During colloquial conversation, what is the difference between calling one first name or last name? I assume one if colloquial and one is more formal but not sure. Thank you very much!
The use depends a lot on the specific cultural and sub-culteral norms. For example, in the U.S. (even more so in California, but these days much of the country) given names are widely used in many contexts. In many companies or organizations, even lower-level employees address and refer to more senior employees by first name. This started in high-tech companies but has now spread widely. However, in much of Europe and the U.K., only good friends do this, or people of more senior rank do this to people of lower rank. There is also a tradition in some sub-cultures of addressing acquaintances by family name only (no honorific), while in other cultures this would be considered rude.
Generally speaking, we use a person's given name when we are friendly with, or close to, the person. Or if we are addressing a junior, for example an adult addressing a child, or a manager addressing a worker.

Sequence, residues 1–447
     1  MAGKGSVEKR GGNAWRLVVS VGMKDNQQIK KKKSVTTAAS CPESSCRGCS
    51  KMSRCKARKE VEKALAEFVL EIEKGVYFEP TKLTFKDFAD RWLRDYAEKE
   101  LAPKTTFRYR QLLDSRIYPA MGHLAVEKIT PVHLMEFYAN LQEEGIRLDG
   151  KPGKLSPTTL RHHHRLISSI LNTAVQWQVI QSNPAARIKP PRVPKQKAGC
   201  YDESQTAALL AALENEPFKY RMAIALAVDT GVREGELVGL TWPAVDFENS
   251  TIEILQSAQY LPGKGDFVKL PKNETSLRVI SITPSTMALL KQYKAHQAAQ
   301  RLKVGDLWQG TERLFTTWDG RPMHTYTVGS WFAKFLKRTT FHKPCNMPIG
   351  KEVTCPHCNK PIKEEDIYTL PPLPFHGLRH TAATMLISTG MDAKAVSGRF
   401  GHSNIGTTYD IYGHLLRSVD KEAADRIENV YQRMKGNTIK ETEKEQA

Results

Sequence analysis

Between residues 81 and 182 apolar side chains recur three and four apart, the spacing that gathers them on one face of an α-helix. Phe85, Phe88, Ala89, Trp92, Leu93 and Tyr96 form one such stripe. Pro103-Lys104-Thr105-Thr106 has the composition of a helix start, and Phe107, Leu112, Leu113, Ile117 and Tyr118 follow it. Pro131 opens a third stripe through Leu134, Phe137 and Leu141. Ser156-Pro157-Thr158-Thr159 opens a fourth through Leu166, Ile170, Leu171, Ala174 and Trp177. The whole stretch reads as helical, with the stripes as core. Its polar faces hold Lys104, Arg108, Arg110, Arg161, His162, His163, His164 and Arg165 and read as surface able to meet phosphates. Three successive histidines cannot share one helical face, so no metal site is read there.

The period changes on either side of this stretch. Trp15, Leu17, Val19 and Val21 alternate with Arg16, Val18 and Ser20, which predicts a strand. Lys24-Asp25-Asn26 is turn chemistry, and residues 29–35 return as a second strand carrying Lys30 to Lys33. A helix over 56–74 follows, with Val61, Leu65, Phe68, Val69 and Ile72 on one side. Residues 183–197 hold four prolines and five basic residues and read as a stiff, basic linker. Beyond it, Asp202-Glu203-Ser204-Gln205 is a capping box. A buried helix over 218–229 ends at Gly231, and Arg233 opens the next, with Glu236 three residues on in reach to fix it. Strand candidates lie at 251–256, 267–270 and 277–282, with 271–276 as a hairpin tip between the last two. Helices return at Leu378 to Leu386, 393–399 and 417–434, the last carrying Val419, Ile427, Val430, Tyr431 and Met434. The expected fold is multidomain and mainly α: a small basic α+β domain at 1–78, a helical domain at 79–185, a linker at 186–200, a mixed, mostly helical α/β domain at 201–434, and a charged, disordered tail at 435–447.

We use rather than an honorific, or a title and family name (known as a surname), in the opposite cases.
Acquaintanceship, or addressing a senior, such as a child addressing an adult or a worker addressing a manager.
As time goes on, in the UK, it is more and more common for children to address adults by first name, for example when addressing one of their friend's parents.
In the West, family names are generally the last name. In many parts of the East, family names are generally the first name.
This reflects two different traditions and outlooks.
One in which you are the named person, and you have a supplementary name to distinguish you from all the other people with the same name.
I'm John [the] Fletcher (someone who make arrows for a living) I'm John, Michael's son. I'm John [with the] red[ ]beard.
The other tradition has you as a member of a family, who can be distinguished from the other members of that family, if need be.
Who is that? It's Hayao. You know, the elder one - Hayao Miyazaki. Not the younger Hayao.
This can cause cross-cultural mis-matches. A senior engineer from Scotland, working in Thailand, was constantly referred to as "Mr. Jim" by the respectful local workers. "Jim" is a diminutive and so is an even more casual, friendly or intimate form of his given name, "James".